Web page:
By Natalie Hase
Whether we like it or not, most of us are strongly bound to the agricultural sector, and we feel the responsibility to make the right choice from an environmental perspective. Nevertheless, it can be confusing standing in the supermarket in front of a sea of products, and consumers immediately go for the “greener choice,” that being local or organic.
We’ve gotten better at knowing where our food comes from – but can we claim the same for the environmental impact of our food choices?
According to Elin Röös, researcher at the Swedish University of Agriculture and co-author of the report “Organic production and climate change,” greenhouse gas emissions contributing to climate change mainly derive during the agricultural production phase, rather than by transportation of the products.
Natural processes are the main drivers to the sources of these emissions. Therefore, choosing organic and local over conventional products will have little effect on decreasing the main greenhouse gas emissions coming from the food that we eat.
According to the Food and Agriculture Organization (FAO), there are three prime factors contributing to global warming in agricultural production: methane from cattle or more precisely enteric fermentation; the aggressive greenhouse gas known as nitrous oxide derived from the ground; and carbon dioxide from the cultivation of organic soils.
In Sweden, these emissions account for 75 percent of the total greenhouse gas emissions from the agricultural sector. The latter is also responsible for one-third of global human-caused greenhouse gas emissions, according to the Consultative Group on International Agricultural Research.
But there are, in fact, other reasons to justify the choice to purchase local or organic products.
“Most often, the choice of buying local products will at first hand be of economic importance to the region, as you will support the local economy, rather than decrease emissions,” says Elin Röös. The main issue with local products is that there is no actual regulated definition of what is “local.” There are no rules of where the product must come from, or how far it must be transported.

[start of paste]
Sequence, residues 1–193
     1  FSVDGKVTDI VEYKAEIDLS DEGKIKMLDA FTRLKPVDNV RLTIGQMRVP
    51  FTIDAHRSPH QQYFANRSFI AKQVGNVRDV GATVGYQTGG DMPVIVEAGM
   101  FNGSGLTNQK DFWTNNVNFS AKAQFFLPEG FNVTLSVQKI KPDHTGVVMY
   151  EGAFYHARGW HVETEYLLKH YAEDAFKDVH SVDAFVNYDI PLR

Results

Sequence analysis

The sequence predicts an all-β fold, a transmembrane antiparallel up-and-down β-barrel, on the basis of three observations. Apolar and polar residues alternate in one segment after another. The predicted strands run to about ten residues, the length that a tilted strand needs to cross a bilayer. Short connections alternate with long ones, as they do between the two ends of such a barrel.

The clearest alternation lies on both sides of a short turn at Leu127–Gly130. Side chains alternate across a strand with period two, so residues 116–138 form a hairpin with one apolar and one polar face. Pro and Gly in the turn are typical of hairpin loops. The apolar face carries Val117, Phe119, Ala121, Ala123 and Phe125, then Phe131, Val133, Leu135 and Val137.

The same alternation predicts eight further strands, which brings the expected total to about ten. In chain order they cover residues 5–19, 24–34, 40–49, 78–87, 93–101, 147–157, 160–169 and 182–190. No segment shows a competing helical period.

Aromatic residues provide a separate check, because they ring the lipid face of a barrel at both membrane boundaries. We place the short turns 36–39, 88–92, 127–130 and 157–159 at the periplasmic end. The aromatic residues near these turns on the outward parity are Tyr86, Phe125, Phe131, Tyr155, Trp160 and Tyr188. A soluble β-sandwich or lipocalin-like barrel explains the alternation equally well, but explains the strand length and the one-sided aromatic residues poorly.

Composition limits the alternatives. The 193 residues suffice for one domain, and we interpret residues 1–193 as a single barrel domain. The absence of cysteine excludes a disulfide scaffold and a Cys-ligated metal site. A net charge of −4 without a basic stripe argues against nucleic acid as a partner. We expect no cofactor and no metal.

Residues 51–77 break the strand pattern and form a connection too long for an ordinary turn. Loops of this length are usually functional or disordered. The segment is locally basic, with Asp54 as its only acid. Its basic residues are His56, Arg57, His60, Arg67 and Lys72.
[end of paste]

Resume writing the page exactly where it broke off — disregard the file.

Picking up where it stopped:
As important as it is to differentiate between organic and local products, the two concepts may often overlap.
Agneta Krogstorp is the owner of the Krogstorp Farm, a Swedish local producer of rapeseed oil. Although not a certified organic farmer, Agneta Krogstorp believes that there is often a trend among local producers to care about the surrounding environment and to prefer highly valued and sincere production methods.
“Every farmer should aim at practicing organic methods in their production, whenever possible,” says Krogstorp.
Choosing organic products is a symbol that national, and international, rules and standards were met during the production phase.
The FAO defines organic agriculture as a system, which “considers environmental and social impacts by eliminating the use of synthetic inputs,” and addresses issues such as the harmful use of pesticides and over-fertilization.
Looking beyond local and organic products, the environmental impact of food includes not only the types of products that we consume but also the vast quantities that we ingest. Changing our habits and the way we eat could therefore be a much more sustainable solution.
“The production of meat and dairy products contributes to a lot more greenhouse gas emissions than crop production does,” says Elin Röös.
“The most important decision we can make to lessen our environmental impact through food, is to diminish our consumption of dairy products and meat,” she adds.
Image credit: Sarah Gilbert, Flickr
Natalie Hase is a BSc Student at Royal Institute of Technology.
This story is part of Student Reporter’s coverage on “Organic Solutions in Global Food Affairs”. You can read more from the series on studentreporter.org.